Preparation of caecal bacterial lysates

Caecal bacterial lysates (CBL) were prepared as described by Cong et al. [10]. Briefly, caecal contents from several non-TG or TG rats were solubilized by vortexing in RPMI, and incubated with 10 µg/ml DNA-ase, 0·01 m MgCl and then homogenized for 3 min using 0·1 mm glass beads in a Mini-Bead Beater (Biospec Products, Bartlesville, OK). After centrifuging at 10 000 g for 10 min the supernatant was filtered through a 0·45 µm syringe filter. Sterility was confirmed by aerobic and anaerobic culture.

Mesenteric lymph node cell cultures

Either unseparated MLN cells, or cell subpopulations obtained after antibody-coated magnetic bead depletion were washed and 4 × 105 cells were cultured in 96 well flat bottom microplates (Costar 3595), in 0·2 ml complete medium (RPMI 1640 plus 5% heat inactivated fetal calf serum, 2 mm l-glutamine, 1 mm sodium pyruvate, 5 × 10−5 M 2-mecaptoethanol, and 50 µg/ml gentamicin) for 3 days, which we found to be optimal for detection of all of the cytokines measured with the exception of TGF-β. Similar relative differences in cytokines produced by TG versus non-TG MLN cells were present at each time point between 12 h and 6 days. For analysis of TGF-β production, 8 × 105 cells were cultured for 5 days in serum-free RPMI which was supplemented with 1% Nutridoma-SP (Roche Molecular Biochemicals, Mannheim, Germany). Higher levels of TGF-β were consistently found in supernatants of day 5 compared to day 3 cultures. Cells were stimulated with different concentrations of caecal bacterial lysate as indicated for each experiment. Culture supernatants were collected and stored at − 20°C.

Preparation of APC and cocultures with CD4+ cells.

We used T-cell depleted MLN from non-TG rats for APC. T cells were lysed using IgM anti-rat CD3 (clone 1F4, Pharmingen, San Diego, CA, USA), followed by incubation with rabbit complement (normal rabbit serum prepared in this laboratory). The cells remaining after complement-mediated lysis of CD3+ cells were >95% surface Ig positive, <2% CD4 positive and <2% CD8 positive. The cells were pulsed overnight with caecal bacterial lysate from non-TG rats (100 µg/ml) or with unrelated protein antigen keyhole limpet haemocyanin (KLH; Pierce, Rockford, IL, USA) in complete medium. The pulsed APC were then washed to remove excess antigens and other bacterial products. Magnetic bead-enriched CD4+ cells, 2 × 105 per well, were stimulated with antigen-pulsed APC, 3 × 105 per well. Supernatants were harvested after 3 days and stored at − 20°C.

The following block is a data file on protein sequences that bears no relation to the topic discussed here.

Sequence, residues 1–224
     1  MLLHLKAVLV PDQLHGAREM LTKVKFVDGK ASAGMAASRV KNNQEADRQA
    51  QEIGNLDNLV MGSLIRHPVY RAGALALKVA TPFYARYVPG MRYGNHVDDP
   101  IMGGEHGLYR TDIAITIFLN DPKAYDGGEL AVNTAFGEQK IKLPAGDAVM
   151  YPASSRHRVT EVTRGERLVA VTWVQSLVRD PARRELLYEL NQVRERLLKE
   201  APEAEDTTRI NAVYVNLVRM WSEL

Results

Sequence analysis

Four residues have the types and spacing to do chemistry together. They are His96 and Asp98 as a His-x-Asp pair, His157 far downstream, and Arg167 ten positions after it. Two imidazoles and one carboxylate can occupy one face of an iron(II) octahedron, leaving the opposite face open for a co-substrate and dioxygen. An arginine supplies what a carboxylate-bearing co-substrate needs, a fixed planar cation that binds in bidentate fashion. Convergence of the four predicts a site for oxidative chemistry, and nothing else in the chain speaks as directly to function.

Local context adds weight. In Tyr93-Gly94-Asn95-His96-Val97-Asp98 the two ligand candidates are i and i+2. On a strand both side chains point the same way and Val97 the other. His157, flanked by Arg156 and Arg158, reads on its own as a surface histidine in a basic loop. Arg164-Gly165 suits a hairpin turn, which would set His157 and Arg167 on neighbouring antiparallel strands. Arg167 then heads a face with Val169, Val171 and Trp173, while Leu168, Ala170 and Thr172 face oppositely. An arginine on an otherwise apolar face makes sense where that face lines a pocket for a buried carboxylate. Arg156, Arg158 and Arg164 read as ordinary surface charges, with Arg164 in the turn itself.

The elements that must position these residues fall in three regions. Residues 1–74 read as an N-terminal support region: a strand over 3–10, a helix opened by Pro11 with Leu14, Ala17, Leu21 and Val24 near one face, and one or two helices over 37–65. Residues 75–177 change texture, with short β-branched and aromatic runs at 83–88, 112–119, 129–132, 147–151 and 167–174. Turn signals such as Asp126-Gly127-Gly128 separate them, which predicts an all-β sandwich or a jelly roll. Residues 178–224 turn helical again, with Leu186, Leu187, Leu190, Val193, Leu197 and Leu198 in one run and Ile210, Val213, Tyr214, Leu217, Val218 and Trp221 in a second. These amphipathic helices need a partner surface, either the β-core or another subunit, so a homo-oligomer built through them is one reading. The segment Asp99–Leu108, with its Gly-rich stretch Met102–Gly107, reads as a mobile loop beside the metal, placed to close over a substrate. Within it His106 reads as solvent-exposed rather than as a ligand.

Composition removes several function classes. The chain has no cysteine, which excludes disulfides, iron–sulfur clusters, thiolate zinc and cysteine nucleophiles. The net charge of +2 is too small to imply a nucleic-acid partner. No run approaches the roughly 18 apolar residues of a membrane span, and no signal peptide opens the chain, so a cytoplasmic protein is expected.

Flow cytometry

MLN cells before and after magnetic bead separation were evaluated by flow cytometry using the following fluorochrome labelled or unlabelled reagents. For detection of HLA-B27-expressing cells, we used culture supernatant from the murine hybridoma, designated ME-1, obtained from ATCC (Rockville, MD, USA), followed by FITC labelled goat anti-mouse IgG (γ chain specific) antibody (Southern Biotechnology, Birmingham, AL, USA). For surface immunoglobulin positive B cells, we used FITC labelled goat anti-rat IgG (H + L) antibody (Kirkegaard & Perry Laboratories, Gaithersburg, MD, USA). For CD4+ and CD8+ cells we used PE-anti-CD4 monoclonal antibody (clone W3/25) and FITC anti-CD8 monoclonal antibody (clone OX-8) (Caltag, Burlingame, CA, USA), respectively.

Cytokine and PGE2 measurements

Cytokines in cell culture supernatants were measured by ELISA using unlabelled capture antibodies and biotin-labelled detection antibodies, followed by horse-radish peroxidase labelled Streptavidin. The concentration of each cytokine was determined by comparison to a standard curve generated using recombinant proteins. For IFN-γ, we used unlabelled polyclonal anti-IFN-γ antibody and biotin-labelled monoclonal anti-IFN-γ antibody (clone DB-1) (Biosource International, Camarillo, CA, USA). For IL-10 we used unlabelled monoclonal anti-rat IL-10 antibody (clone A5-7) and biotin-labelled monoclonal anti-rat IL-10 antibody (clone A5-6) (BD Biosciences Pharmingen, San Diego, CA, USA). For IL-12 we used a rat IL-12 p40 CytoSet (Biosource International). For TNF we used a rat TNF BD OptEIA ELISA Set (BD Biosciences Pharmingen). TGF-β concentrations were measured after acidification and neutralization according to the manufacturer using a TGF-β1 specific ELISA (Promega, Madison, WI, USA). PGE2 was measured using a competitive immunoassay Correlate-EIA (Assay Designs Inc., Ann Arbor MI, USA).